I have never been a Good New Englander. Though I've lived here for something like half my life, off and on, I just never quite got it. Though I know how to properly tie a scarf and how to walk on ice, I never figured out the right clothes, the right shoes, the trappings of winter that allow other people to avoid constantly shivering from November to May. Though I technically know how to drive in snow, I don't like it; I was never initiated into the mysteries of those who speed happily along I-95, their view unobstructed by whirling snowflakes and fogging windshields.
As I write this I am drinking from a bottle of water which contains a bottled-water-shaped ice block within it. I retrieved it from my car, where it has spent the last few days solidifying in the cold, because my tap water smells like chlorine and I can't figure out why, or whether it's safe to drink. Everyone else knows, presumably, because everyone else presumably got the small-town-New-Englander memo. But I am not on that wavelength; I can't pick up that secret frequency through which Good New Englanders know that there is a parking ban on, or how to pronounce Chepachet. I am a Bad New Englander.
I am also probably the only person in Connecticut who cancelled their New Year's plans tonight because reports of numerous accidents, closed roads, and freezy slippery conditions made driving to Massachusetts to see a friend suddenly seem less fun and more worrisome. Despite the fact that I really wanted to go, and that this friend is a Good New Englander, with roots here dating back several hundred years, who now may well hate me for cancelling, I couldn't bring myself to dismiss the warnings and venture onto the highway. Clearly, I belong in an arid desert country or a city large enough to make cars unnecessary. And yet, entirely of my own volition, I left places like that, and moved back here. And sometimes, like when I'm shoveling my car out of a snow drift, or when I wake up in the middle of the night and find that my toes, in their three pairs of socks, have not yet thawed from their evening walk up the front steps, I wonder why.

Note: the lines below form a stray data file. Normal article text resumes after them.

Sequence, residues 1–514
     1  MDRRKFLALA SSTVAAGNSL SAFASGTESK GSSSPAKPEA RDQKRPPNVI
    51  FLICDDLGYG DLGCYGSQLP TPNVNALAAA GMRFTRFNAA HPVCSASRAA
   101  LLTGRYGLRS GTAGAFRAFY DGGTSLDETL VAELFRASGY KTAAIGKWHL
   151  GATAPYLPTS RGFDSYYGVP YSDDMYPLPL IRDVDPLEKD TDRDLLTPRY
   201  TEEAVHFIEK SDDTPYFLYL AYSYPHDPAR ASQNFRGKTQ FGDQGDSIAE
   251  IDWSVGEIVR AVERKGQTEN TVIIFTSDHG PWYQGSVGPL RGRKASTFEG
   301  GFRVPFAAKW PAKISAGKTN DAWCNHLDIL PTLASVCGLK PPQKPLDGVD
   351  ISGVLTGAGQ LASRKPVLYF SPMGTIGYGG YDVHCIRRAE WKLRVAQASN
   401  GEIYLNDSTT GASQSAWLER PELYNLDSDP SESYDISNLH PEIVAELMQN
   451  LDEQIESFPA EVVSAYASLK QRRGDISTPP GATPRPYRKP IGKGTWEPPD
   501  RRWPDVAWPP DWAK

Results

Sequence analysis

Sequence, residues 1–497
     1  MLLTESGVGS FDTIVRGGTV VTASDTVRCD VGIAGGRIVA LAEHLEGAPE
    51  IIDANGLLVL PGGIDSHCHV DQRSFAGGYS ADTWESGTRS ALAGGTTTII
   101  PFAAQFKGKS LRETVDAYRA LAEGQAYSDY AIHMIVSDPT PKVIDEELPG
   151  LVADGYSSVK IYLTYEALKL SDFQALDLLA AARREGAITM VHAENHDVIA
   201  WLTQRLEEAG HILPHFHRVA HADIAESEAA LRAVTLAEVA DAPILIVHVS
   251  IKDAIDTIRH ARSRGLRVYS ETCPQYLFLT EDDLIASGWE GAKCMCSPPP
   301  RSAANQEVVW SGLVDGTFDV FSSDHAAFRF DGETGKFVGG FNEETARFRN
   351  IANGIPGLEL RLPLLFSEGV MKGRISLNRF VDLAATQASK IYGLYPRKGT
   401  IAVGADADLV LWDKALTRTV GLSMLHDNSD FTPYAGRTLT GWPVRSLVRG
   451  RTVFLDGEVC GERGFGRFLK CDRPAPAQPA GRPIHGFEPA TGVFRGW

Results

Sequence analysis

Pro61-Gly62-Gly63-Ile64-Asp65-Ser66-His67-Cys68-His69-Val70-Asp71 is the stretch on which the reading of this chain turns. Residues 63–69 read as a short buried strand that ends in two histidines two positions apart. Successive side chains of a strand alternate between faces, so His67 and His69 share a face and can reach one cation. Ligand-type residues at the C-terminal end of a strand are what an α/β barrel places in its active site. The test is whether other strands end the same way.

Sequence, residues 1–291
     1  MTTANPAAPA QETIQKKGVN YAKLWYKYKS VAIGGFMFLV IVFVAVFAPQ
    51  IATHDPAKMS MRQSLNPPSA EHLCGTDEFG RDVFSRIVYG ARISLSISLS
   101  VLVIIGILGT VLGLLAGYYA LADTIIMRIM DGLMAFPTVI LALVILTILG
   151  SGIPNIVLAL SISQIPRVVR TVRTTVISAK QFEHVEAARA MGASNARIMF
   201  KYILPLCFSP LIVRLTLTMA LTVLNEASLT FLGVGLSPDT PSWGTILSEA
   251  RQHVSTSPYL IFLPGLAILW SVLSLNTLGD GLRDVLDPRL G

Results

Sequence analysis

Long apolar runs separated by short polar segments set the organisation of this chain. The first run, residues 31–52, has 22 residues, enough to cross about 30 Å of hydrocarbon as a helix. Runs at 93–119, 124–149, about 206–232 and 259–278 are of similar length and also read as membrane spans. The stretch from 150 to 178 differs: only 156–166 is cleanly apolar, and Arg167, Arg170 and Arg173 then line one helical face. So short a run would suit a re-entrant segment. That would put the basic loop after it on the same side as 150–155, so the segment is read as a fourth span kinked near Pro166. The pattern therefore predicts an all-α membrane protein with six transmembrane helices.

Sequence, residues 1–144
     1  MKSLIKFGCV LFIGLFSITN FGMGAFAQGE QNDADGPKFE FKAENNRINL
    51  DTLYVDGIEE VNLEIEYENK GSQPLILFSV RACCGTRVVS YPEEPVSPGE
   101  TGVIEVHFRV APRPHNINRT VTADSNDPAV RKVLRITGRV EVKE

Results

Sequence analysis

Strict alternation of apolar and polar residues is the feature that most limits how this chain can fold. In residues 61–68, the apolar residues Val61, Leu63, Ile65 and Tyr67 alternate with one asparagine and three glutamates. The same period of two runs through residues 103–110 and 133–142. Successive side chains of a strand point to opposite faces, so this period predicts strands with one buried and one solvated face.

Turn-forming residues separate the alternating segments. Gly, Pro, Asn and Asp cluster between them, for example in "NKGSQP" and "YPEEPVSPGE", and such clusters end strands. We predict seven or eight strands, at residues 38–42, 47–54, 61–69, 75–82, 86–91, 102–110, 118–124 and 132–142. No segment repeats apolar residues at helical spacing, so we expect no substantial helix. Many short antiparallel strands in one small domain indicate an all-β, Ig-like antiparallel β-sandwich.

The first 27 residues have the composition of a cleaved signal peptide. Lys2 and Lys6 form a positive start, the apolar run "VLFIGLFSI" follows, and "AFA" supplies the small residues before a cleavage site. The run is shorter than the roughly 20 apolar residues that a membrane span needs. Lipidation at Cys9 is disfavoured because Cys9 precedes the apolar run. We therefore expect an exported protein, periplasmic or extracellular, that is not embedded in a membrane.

It's not that I want to fit in, or to live in a place that feels like "home." Actually, probably perversely, I enjoy living where I don't belong. I observe better when things strike me as strange; I like to look out at the world from a standpoint of confusion. But I sometimes wonder if that's sustainable, or worth it. I wonder what it would be like to live, permanently, someplace where life is not a constant source of minor stresses and perplexing happenings, where I'd never be confused by my tap water or worried into cancelling plans because of unplowed roads. I look out at the snow falling, covering the street and the grass and the railings, and wonder what it would be like to live someplace I could be good at.